The Modern Magazine 2015: ‘The issue isn’t print or digital – it’s what we’re communicating’ 05.11.15

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The annual publishing conference highlighted the increasingly blurred boundaries between different mediums and initiatives within a magazine brand, says Anja Wohlstrom

Now in its third year, the annual Modern Magazine conference last month focused on global trends in magazine design, with a line-up of international speakers sharing their experiences. With smaller independent magazines such as Kinfolk and The Gourmand developing into bigger brands, a new direction in publishing is becoming apparent, with a less clear distinction between digital and print, as well as magazines and their wider activities as a brand.

As the event’s organiser – Jeremy Leslie, creative director of design studio MagCulture – argued, the discussion has now moved on from such divisions. Others echoed this sentiment, with speakers such as Andrew Tucker, editor of Monocle Radio, and Louis-Jacques Darveau, publisher and editor of Montreal-based magazine The Alpine Review talking about the magazine as a “platform”, rather than a standalone entity.

David Lane, founder of The Gourmand, pointed out that his magazine’s website offers readers a choice between “On paper” or “On screen”, highlighting the importance it places on both mediums. Approaching the subject from a digital perspective was Sophie Lovell from the online-only magazine Uncube, who explained: “The issue isn’t print or digital. The issue is thinking about how and what we’re communicating.”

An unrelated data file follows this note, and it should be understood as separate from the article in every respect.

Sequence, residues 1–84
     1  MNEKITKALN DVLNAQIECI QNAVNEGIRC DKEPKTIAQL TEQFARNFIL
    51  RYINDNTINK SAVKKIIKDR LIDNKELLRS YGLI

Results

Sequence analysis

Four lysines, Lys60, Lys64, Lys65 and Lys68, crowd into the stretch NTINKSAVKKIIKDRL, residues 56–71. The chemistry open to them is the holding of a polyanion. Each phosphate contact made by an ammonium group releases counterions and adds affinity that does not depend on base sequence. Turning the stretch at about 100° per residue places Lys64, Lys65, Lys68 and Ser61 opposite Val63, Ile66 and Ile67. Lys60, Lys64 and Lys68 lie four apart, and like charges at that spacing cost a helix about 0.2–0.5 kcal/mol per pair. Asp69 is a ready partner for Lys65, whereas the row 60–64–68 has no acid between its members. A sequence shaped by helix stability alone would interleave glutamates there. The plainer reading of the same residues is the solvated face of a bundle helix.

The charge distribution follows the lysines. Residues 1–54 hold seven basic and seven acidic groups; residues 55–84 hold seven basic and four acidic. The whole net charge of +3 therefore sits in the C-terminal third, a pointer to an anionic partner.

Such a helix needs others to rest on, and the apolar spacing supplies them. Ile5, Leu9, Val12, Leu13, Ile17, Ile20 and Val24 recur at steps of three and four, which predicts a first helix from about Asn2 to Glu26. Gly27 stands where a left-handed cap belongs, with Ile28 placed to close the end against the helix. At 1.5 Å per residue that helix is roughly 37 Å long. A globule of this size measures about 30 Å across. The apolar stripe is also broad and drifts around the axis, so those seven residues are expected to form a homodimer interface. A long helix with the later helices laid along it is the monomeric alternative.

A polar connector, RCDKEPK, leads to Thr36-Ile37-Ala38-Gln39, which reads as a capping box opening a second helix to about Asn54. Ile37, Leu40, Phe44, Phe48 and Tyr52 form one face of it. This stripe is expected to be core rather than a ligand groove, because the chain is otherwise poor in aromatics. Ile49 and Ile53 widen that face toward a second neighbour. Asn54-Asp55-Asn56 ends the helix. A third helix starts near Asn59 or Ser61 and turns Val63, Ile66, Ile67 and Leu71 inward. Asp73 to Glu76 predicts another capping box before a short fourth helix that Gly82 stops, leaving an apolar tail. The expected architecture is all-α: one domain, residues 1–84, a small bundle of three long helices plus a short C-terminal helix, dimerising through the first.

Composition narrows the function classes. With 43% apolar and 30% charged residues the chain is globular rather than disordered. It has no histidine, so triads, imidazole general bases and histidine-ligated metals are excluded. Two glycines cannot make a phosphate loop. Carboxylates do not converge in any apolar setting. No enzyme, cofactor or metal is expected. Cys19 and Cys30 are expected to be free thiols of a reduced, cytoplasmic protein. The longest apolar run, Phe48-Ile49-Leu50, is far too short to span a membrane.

Meanwhile, Berlin-based writer, editor and design consultant Kati Krause shared her thoughts on what websites can learn from magazine – specifically, slowness. She argued that the fast-paced digital world could take more inspiration from printed magazines, which demand space and time. Also reminding us of the value of print was James Fairbank of cycling brand Rapha, which has recently launched a new print title: Mondial. He spoke about transferring the brand’s content from digital to print, and why a magazine seemed to be the best format for what they were trying to do.

Contributing from across the Atlantic via Google Hangouts were Scott Dadich and Billy Sorrentino of Wired US – who turned the conversation back to the digital. They revealed that, when working on the recent relaunch of wired.com, they started with the mobile format before working their way up to bigger screens, reflecting the change in the way people access editorial content today.

Leslie argued in his introduction to the event that, rather than finding a single model that works, continual change is becoming the new normal in publishing. The diversity of engaging and inspiring speakers at The Modern Magazine 2015 was a testament to this. In the week that we relaunched Icon magazine, it was very exciting to hear.

The Modern Magazine 2015 took place on 22 October

 

Words

Anja Wohlstrom

 

Photograph: Owen Richards

quotes story

Andrew Tucker, editor of Monocle Radio, and Louis-Jacques Darveau, publisher and editor of Montreal-based magazine The Alpine Review talking about the magazine as a “platform”, rather than a standalone entity

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